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A Walk in the Woods: Rediscovering America…
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A Walk in the Woods: Rediscovering America on the Appalachian Trail (1997)

by Bill Bryson

Other authors: See the other authors section.

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13,852408277 (4.01)573
Traces the author's adventurous trek along the Appalachian Trail past its natural pleasures, human eccentrics, and offbeat comforts.
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» See also 573 mentions

English (399)  German (3)  Dutch (3)  Italian (2)  French (1)  Catalan (1)  All languages (409)
Showing 1-5 of 399 (next | show all)
Started strong, then the last third seemed like it was forced and filler. ( )
  Philthy | Jan 9, 2020 |
This books holds a special place in my heart. My dad LOVED to hike and spent a great deal of time hiking and volunteering on the Appalachian Trail before his death a few years ago. I enjoyed seeing a little slice of the trail life through this book. It’s well written, witty, and thoughtful as is any Bill Bryson book. ( )
  BookishHooker | Dec 16, 2019 |
This is really a story of two people experiencing the Appalachian Trail together over a period of months. While there is quite a bit of material on the trail itself, the real heart of the story is the connection between the friends. ( )
  grandpahobo | Sep 26, 2019 |
I read and love anything Bill Bryson writes. This book has convinced me not to attempt the AT yet. But HAS inspired me to hike the Massachusetts Midstate Trail! ( )
  Zaiga | Sep 23, 2019 |
Three stars for the story and occasional humor. One star for the environmental consciousness. I have a low tolerance for nature books in which the authors trash nature. The hikers repeatedly throw their trash and extra gear off cliffs. They toss cans and bottles into the underbrush. They smoke along the trail, dropping their cigarette butts. This is from the start of the story all the way to the end in Maine, and I couldn't tolerate it. Cheryl Strayed's book "Wild" has a similar problem. ( )
  breic | Sep 11, 2019 |
Showing 1-5 of 399 (next | show all)
Bryson's breezy, self-mocking tone may turn off readers who hanker for another ''Into Thin Air'' or ''Seven Years in Tibet.'' Others, however, may find themselves turning the pages with increasing amusement and anticipation as they discover that they're in the hands of a satirist of the first rank, one who writes (and walks) with Chaucerian brio.
 
[Bryson] was often exhausted, his ''brain like a balloon tethered with string, accompanying but not actually part of the body below.'' The reader, by contrast, is rarely anything but exhilarated. And you don't have to take a step.
 

» Add other authors (13 possible)

Author nameRoleType of authorWork?Status
Bryson, Billprimary authorall editionsconfirmed
Goddijn, ServaasTranslatorsecondary authorsome editionsconfirmed
Roberts, WilliamNarratorsecondary authorsome editionsconfirmed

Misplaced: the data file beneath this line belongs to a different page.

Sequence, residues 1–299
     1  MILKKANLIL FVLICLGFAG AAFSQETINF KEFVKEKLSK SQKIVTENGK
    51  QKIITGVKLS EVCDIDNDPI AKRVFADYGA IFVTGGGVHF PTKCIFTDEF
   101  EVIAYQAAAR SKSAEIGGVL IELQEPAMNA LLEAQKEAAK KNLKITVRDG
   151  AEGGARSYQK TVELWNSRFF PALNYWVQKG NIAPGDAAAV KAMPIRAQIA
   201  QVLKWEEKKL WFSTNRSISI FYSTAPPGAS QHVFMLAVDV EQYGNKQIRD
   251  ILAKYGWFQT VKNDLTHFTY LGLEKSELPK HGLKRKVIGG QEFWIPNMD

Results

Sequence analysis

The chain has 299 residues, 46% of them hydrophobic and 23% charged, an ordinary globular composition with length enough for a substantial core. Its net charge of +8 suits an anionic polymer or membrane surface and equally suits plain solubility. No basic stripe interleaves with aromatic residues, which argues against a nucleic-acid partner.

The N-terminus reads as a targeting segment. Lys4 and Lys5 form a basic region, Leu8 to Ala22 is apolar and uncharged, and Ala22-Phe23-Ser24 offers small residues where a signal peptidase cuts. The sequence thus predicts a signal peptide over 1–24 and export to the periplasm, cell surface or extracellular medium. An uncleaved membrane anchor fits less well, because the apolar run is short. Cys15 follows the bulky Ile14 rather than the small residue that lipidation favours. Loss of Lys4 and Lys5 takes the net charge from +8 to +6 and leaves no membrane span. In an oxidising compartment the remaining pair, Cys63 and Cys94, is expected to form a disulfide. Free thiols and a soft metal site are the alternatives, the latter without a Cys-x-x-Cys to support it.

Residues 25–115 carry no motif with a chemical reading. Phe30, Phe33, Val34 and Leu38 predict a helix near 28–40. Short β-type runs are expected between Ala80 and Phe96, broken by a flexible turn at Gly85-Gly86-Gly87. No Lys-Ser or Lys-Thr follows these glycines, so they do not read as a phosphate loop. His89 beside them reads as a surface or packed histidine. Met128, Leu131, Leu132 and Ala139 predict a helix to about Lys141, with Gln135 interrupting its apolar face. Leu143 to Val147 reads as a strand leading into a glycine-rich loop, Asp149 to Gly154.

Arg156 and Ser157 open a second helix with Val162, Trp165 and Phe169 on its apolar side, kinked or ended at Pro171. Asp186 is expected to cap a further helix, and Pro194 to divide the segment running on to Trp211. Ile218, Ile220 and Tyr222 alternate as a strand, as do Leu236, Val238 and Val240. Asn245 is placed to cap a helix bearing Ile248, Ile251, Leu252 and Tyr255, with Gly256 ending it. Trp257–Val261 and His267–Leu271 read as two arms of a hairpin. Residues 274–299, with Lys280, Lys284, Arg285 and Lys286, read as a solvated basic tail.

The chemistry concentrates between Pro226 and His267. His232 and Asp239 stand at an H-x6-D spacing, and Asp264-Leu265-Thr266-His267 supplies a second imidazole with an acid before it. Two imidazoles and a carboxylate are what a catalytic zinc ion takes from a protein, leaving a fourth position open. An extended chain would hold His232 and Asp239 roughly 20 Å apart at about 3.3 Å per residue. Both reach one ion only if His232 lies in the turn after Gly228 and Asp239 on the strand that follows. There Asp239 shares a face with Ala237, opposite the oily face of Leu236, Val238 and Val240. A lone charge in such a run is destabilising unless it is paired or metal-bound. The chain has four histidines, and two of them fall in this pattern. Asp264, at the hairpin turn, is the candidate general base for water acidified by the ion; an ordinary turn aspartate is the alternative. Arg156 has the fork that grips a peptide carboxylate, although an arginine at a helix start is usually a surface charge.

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To Katz,
of course.
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Not long after I moved with my family to a small town in New Hampshire I happened upon a path that vanished into a wood on the edge of town.
Quotations
But always the wandering trail ran on.
“You all right?” I said. “Oh, peachy,” he replied. “Just peachy. I don’t know why they couldn’t have put some crocodiles in here and made a real adventure of it.”
The book to which I refer is Bear Attacks: Their Causes and Avoidance by a Canadian academic named Stephen Herrero. If this is not the last word on the subject, the I really, really, really do not wish to hear the last word. [Chapter 2]
Black bears rarely attack. But here's the thing. Sometimes they do. All bears are agile, cunning, and immensely strong, and they are always hungry. If they want to kill you and eat you, they can, and pretty much whenever they want. That doesn't happen often, but -- and here is the absolutely salient point -- once would be enough. [Chapter 2]
I wanted very much to be calmed by these assurances but could never quite manage the necessary leap of faith. After noting that just 500 people were attacked and hurt by black bears between 1960 and 1980 -- twenty-five attacks from a resident population of at least half a million bears -- Herrero adds that most of these injuries were not severe. "The typical black bear-inflicted injury," he writes blandly, "is minor and usually involves only a few scratches or light bites." Pardon me, but what exactly is a light bite? Are we talking a playful wrestle and gummy nips? I think not. And is 500 certified attacks really such a modest number, considering how few people go into the North American woods? And how foolish must one be to be reassured by the information that no bear has killed a human being in Vermont or New Hampshire in 200 years? That's not because the bears have signed a treaty, you know. There's nothing to say they won't start a modest rampage tomorrow. [Chapter 2]
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ISBNs 0552152153 and 0553455923 (or 9780553455922) refer to abridged versions. Please do not combine with unabridged works.
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